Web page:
Cult Movie: The Lords of Flatbush stars a young Stallone and a pre-Fonz Henry Winkler in a slice of 1950s nostalgia

The Lords of Flatbush features a young Sylvester Stallone and Henry Winkler
Ralph McLean

The Lords Of Flatbush

PERSONALLY, I blame American Graffiti. I mean, there has to be some reason why America, and therefore the entire watching world who traditionally coat-tailed Stateside trends, was engulfed in such a serious wave of nostalgic love for the 1950s during the-mid 1970s, right?

George Lucas's hit 1973 tale of teenage angst, burgers and rock and roll may have been set in 1962, but the vibe was 50s America all the way. The positivity of that era's brash and flash surface noise, all swooning doo-wop and first love naivety, obviously struck a chord with the cultural consumers of that most miserable of decades, the 1970s.

How else do you explain the phenomenal success of Grease, riding high on Broadway at the time, or all those endless K-Tel double album collections of 50s classics that cluttered up the charts in that brownest of decades?

There's also the small matter of Happy Days, a megahit TV show featuring American Graffiti star Ron Howard and a certain leather jacketed dude by the name of Henry Winkler. Winkler would find global fame as the Fonz in that production, but it's his turn in a decidedly undervalued mid-70s 1950s throwback that we focus on here.

The Lords Of Flatbush is never held up as one of the great 50s nostalgia fests, but it's a great snapshot of a lost era all the same. Set in among the street gangs of Brooklyn and powered by the kind of savvy pop music selections that Martin Scorsese picked for Mean Streets, it's gritty and grim like only 70s cinema can be.

Winkler plays Butchy, a bequiffed gang member who realises the folly of hanging around with a clueless bunch of street toughs. Perry King, a late replacement for Richard Gere, is the gang's lover man and Sylvester Stallone is Stanley, a troubled teen with a pregnant girlfriend and very little else to keep him out of trouble on the streets.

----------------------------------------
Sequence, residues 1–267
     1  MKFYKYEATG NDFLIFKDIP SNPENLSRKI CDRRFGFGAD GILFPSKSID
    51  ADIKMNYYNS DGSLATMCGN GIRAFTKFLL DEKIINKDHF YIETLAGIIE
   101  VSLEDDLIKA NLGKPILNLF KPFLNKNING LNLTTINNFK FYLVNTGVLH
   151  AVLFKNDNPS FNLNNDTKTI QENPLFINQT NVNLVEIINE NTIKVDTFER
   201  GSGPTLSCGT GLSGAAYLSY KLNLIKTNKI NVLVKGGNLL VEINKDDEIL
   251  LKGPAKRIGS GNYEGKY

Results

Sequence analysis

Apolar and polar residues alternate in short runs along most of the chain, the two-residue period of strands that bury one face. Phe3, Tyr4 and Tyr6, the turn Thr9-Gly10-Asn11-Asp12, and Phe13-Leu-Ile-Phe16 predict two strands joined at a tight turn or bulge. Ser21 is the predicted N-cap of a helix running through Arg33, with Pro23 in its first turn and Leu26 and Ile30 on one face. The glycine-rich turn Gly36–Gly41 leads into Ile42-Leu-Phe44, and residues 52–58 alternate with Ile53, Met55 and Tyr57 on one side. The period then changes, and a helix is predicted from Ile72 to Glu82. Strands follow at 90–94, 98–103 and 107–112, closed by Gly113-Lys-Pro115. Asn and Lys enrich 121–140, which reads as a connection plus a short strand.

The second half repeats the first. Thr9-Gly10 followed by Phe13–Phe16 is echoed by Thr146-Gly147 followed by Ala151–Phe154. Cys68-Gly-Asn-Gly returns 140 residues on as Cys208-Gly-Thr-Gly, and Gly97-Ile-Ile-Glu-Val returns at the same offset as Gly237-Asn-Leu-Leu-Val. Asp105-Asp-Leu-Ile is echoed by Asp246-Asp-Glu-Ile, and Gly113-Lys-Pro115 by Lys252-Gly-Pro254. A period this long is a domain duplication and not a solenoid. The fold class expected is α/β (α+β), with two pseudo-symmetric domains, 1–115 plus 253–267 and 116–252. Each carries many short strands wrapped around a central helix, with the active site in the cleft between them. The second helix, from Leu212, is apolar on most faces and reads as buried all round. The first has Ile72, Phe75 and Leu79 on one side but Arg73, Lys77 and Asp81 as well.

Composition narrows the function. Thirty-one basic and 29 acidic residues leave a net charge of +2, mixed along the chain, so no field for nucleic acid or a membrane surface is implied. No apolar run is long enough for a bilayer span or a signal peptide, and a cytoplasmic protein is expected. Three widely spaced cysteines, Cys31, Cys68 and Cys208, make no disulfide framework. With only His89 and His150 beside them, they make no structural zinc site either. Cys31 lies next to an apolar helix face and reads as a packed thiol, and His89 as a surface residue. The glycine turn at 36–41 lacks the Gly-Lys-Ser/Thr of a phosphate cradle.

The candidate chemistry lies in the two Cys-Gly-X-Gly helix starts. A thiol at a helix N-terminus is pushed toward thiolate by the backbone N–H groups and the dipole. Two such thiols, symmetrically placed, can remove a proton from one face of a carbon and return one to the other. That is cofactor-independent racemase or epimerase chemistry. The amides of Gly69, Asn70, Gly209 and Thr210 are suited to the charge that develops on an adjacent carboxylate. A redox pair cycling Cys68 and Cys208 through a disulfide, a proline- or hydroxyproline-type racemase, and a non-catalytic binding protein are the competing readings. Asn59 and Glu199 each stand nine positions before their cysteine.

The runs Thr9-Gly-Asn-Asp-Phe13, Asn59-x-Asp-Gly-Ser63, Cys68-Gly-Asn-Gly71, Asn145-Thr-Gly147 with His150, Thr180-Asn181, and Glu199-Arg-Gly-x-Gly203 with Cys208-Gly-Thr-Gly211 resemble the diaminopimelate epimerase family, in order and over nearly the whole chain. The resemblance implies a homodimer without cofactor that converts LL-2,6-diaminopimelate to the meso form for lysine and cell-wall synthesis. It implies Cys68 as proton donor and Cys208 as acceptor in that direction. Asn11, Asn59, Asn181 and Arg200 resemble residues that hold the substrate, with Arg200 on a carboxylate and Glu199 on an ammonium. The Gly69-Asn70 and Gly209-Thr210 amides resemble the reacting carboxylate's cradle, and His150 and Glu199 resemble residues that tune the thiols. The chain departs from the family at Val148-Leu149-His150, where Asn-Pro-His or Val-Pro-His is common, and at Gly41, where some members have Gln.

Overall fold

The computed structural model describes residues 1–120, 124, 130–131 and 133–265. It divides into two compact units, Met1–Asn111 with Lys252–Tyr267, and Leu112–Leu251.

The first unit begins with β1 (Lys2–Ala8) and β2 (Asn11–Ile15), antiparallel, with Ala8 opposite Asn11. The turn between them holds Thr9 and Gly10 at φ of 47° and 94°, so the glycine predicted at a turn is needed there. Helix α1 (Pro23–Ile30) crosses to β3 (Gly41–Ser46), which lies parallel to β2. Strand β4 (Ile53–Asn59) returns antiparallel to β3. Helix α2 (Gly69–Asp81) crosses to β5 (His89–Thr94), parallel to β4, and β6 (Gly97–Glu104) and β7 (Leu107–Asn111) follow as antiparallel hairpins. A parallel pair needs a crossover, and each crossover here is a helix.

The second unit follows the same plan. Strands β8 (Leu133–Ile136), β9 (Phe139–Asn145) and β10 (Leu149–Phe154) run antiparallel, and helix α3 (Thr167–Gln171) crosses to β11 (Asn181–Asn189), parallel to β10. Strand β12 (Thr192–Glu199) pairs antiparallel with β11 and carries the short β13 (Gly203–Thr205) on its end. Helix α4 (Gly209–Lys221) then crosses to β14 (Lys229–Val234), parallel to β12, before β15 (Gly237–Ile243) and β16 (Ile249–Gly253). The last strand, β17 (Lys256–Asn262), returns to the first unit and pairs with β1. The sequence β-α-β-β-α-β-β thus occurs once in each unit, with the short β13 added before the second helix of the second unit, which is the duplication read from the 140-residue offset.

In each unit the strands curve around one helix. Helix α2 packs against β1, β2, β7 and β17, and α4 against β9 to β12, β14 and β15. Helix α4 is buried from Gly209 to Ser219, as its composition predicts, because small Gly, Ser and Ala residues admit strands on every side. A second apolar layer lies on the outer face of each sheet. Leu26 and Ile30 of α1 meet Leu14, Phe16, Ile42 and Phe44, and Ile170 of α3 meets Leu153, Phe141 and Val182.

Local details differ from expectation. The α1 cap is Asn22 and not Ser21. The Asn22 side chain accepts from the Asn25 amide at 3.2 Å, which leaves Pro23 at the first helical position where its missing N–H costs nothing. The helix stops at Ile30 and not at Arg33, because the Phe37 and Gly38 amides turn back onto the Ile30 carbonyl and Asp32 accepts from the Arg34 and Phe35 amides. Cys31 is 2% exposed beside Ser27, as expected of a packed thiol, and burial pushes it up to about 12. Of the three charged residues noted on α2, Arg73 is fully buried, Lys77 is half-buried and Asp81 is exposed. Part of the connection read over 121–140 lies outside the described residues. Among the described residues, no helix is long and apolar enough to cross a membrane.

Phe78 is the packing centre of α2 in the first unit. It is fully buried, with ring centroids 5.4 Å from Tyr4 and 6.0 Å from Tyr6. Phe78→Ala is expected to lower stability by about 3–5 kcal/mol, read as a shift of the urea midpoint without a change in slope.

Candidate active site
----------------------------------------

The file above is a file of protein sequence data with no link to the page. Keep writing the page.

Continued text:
While a pre-Fonz Winkler is here in full leather jacketed rocker mode, this is Stallone's project. Alongside directors Martin Davidson and Stephen Verona, he contributed script suggestions and he steals the show as the hapless rocker with the bleakest future hanging over his heavy set shoulders.

In what feels almost like a dry run for the inarticulate Rocky character that would make him a superstar, Stallone is monosyllabic and moody throughout, and the film's best scenes usually involve him hanging around aimlessly on street corners or up in his rooftop pigeon coop.

Story wise, this is slight – but it remains fascinating all the same. As a rockabilly rebel yell, it's nowhere near as effective as something like The Wanderers, but as a fragment of that 1970s obsession with 1950s culture, it's hard to take your eyes off.

There's a moodiness that suits Stallone perfectly and even Henry Winkler later admitted that he based his Fonz character not on the swot he plays here, but rather on Sly's leather-clad lurcher in the back alleys.

It doesn't get much cooler than that, does it?

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